Audi e-tron GT Review

The electric Audi RS e-tron GT has more performance than you’ll ever need and the ability to entertain on a twisty road, but Tesla still does a longer electric range. 

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Audi e-tron GT: what would you like to read next?

Is the Audi e-tron GT a good car?

The new Audi RS e-tron GT is an electric four-door coupe with powerful motors and seats for five people. It has been teased in official photos, but we’ve also driven an early prototype car.

As the future of Audi’s RS models, the RS e-tron makes cars like RS6 and RS7 feel like morse-code machines at a Silicon Valley show.

Despite the camouflage livery, it’s obvious that the new RS e-tron GT will look very similar to the e-tron GT Concept. The prototype car is also designed to cleave the air cleanly, so all the vents are real, and aerodynamic addenda such as the diffuser and flat under-floor actually provide meaningful benefits.

Like the Porsche Taycan, the new RS e-tron GT uses two electric motors – one to drive the front wheels and a second to drive the rear wheels.

This combination produces 600hp as standard, but a two-second overboost function ups this to 650hp when you launch the car. As a result, it’ll blast from 0-62mph in just 3.5 seconds, although we managed 2.8 seconds on our early drive. Perhaps a more relevant acceleration time is the one from 30-70mph, which you tend to use when overtaking or accelerating down a slip road. The RS e-tron GT covers in a mind-boggling 2.7 seconds.

The Audi RS e-tron GT’s 93kWh battery has slightly less capacity than the Taycan’s 95kWh unit, but still serves up around 250 miles of range. That’ll be fine for most people, but it’s some way off the 400-mile range you get from a Tesla Model S.

Despite having huge wheels and rubber-band tyres, the RS e-tron GT is perfectly comfortable in Comfort mode, and even when you switch it into Dynamic it’s still fine.

The RS e-tron GT weights a portly 2.3 tonnes, which you’d think would prove troublesome on a twisty road, but it isn’t so. The Audi changes direction well, helped by the four-wheel steering, four-wheel drive and rear limited-slip differential, plus the fact that the batteries are stored in the floor, lowering its centre of gravity. It grips strongly, too, but if there’s a downside, it’s that the brakes feel a touch artificial at first.

As with most electric cars, the Audi RS e-tron GT is very quiet indeed, although you can pay a bit extra for it to make a noise. Oh yes, Audi has engineered in an optional unusual electronic ‘whoom’ noise when you accelerate. You can decide whether it’s worth shelling out extra for.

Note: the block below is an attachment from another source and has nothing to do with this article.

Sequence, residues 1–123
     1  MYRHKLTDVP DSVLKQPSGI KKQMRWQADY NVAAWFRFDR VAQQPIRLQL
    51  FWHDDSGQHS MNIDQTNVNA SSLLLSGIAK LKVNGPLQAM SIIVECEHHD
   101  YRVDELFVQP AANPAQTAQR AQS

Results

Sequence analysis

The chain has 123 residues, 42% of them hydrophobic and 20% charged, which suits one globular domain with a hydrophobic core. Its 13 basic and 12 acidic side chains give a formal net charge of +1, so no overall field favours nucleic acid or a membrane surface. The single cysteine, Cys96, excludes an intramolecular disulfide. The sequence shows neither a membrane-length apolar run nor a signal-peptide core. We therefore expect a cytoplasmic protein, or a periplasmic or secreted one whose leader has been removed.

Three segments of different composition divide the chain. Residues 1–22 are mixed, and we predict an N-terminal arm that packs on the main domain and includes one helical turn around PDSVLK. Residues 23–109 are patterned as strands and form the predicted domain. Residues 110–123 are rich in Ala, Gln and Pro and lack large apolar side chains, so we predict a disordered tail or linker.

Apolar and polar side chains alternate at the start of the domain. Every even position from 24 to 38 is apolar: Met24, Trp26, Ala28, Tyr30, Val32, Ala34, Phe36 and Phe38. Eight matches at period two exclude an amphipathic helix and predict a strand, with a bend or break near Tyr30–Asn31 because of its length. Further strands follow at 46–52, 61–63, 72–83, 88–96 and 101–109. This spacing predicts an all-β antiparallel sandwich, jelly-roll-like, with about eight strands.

The RS e-tron GT weighs a considerable 2.3 tonnes, but you'd never know it from the way it drives.

Mat Watson
carwow expert

You can charge the RS e-tron GT using rapid 350kW public fast chargers (if you can find one), which will boost its battery from empty to 80% full in just 20 minutes. A new 11kW wireless charging feature will be available in the e-Tron GT. This lets you charge your car by parking above a large charging pad – just like wirelessly charging your smartphone.

The Audi e-tron GT was co-designed with Porsche and is based on the same underpinnings as the Taycan. As a result, it looks just as wide and purposeful and has a similar sloping roofline. The rear doors blend into the wide haunches to give the appearance of a sporty coupe, despite the fact it’s a four-door electric car.

The interior of the Audi e-tron GT production model is yet to be revealed but it’ll draw inspiration from the e-tron GT Concept’s slick, futuristic cabin. The concept featured a ‘vegan interior’ that didn’t use any animal products at all, and the finished car is expected to make use of plenty of man-made sustainable materials, too.

There will be a pair of sizeable touchscreens for the infotainment system and heating controls and a large, clear digital display in place of conventional analogue dials behind the steering wheel. The Audi e-tron GT’s long body provides good legroom, but headroom is somewhat tight for tall passengers in the back. The e-tron GT Concept features a 450-litre boot and a 100-litre storage area under the bonnet – you can expect similar luggage space in the production car.

The Audi RS e-tron GT will go on sale in spring of 2021, and will set you back from around £130,000. A cheaper e-tron GT model with a bit less power will likely appear in showrooms later that year and is set to cost around £100,000 – that’s about the same as a Tesla Model S Long Range and a mid-range Porsche Taycan.

We’ll have a full review and proper score for the e-tron GT once we’ve spent time with the finished article.